He said there was a lack of communication between Central Command and the air command center. "This was evident with the complete failure of coordination for Operation Anaconda," Col. Nichols said, referring to the Afghanistan war's biggest battle.

On the charge that he did not pass along concerns about air control problems, the colonel said he and his staff contacted Central Command "over 100 times with concerns over the lack of friendly ground order of battle information and airspace control measures necessary to support a ground war." He added, "I have multiple emails that detail these conversations."

Col. Nichols then told of one alarming incident to drive home his point. A B-52 bomber dropped a satellite-guided bomb directly over a formation of his F-16s.

Deployment snags
The deployment of U.S. military forces to the Middle East is behind schedule, according to defense sources.

Problems are cropping up with U.S. Army units that are preparing to ship out. Navy, Marine Corps and Air Force units are said to be closer to the schedule but still late in moving troops and equipment to the region.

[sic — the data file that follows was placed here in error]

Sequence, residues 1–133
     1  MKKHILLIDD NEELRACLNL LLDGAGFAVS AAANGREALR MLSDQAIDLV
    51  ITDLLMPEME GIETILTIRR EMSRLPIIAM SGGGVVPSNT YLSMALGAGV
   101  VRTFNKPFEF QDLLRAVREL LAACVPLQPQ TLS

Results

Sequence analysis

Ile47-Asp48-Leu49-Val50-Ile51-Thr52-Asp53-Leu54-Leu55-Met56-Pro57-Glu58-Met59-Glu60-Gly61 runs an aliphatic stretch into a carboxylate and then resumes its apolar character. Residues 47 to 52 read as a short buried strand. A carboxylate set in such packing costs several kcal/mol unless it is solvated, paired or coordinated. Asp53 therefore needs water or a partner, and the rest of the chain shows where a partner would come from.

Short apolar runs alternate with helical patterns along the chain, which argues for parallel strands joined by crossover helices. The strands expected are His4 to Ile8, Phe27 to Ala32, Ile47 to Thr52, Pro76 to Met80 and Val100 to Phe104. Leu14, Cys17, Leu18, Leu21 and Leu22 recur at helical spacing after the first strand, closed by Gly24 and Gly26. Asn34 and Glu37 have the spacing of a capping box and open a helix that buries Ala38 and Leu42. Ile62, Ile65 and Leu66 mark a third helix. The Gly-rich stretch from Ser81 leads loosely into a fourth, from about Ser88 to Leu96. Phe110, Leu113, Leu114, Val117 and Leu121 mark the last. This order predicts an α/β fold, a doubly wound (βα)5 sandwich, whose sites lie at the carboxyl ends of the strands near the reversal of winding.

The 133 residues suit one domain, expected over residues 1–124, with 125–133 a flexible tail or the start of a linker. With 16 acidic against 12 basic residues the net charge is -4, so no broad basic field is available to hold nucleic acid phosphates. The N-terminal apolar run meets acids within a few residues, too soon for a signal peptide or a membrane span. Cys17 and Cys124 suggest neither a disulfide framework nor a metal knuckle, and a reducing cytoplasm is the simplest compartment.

Army Gen. Tommy Franks, commander of the U.S. Central Command, which is in charge of the deployments, hopes to have between six and eight divisions of troops within striking distance of Iraq for the operation, which planners believe will last a minimum of 60 days.

The deployment delays could mean U.S. forces will not be ready for action until early March.

Terrorist casing
U.S. intelligence agencies continue to receive regular reports that terrorists are conducting surveillance of facilities in the United States, defense officials said.

Suspected terrorists or those believed to be part of their operational planning have been sighted near U.S. military bases in the United States and at nuclear power facilities and other infrastructure. The reports indicated that the suspected terrorists were eyeing facilities as potential targets of attack.

Such casing is one of the few signs indicating to security officials that terrorists are targeting facilities. The FBI in the past has sought to play down such reports as inconclusive or nonspecific.

Fleet enlargement
The Navy's proposed 2004 budget will ask Congress to fund construction of seven ships, up from five in this year's plan.

Adm. Vern Clark, chief of naval operations, was criticized in some circles last year for sacrificing shipbuilding in order to divert money to shore up combat readiness. The Navy believes the strategy worked, and is now ready to ramp up ship production.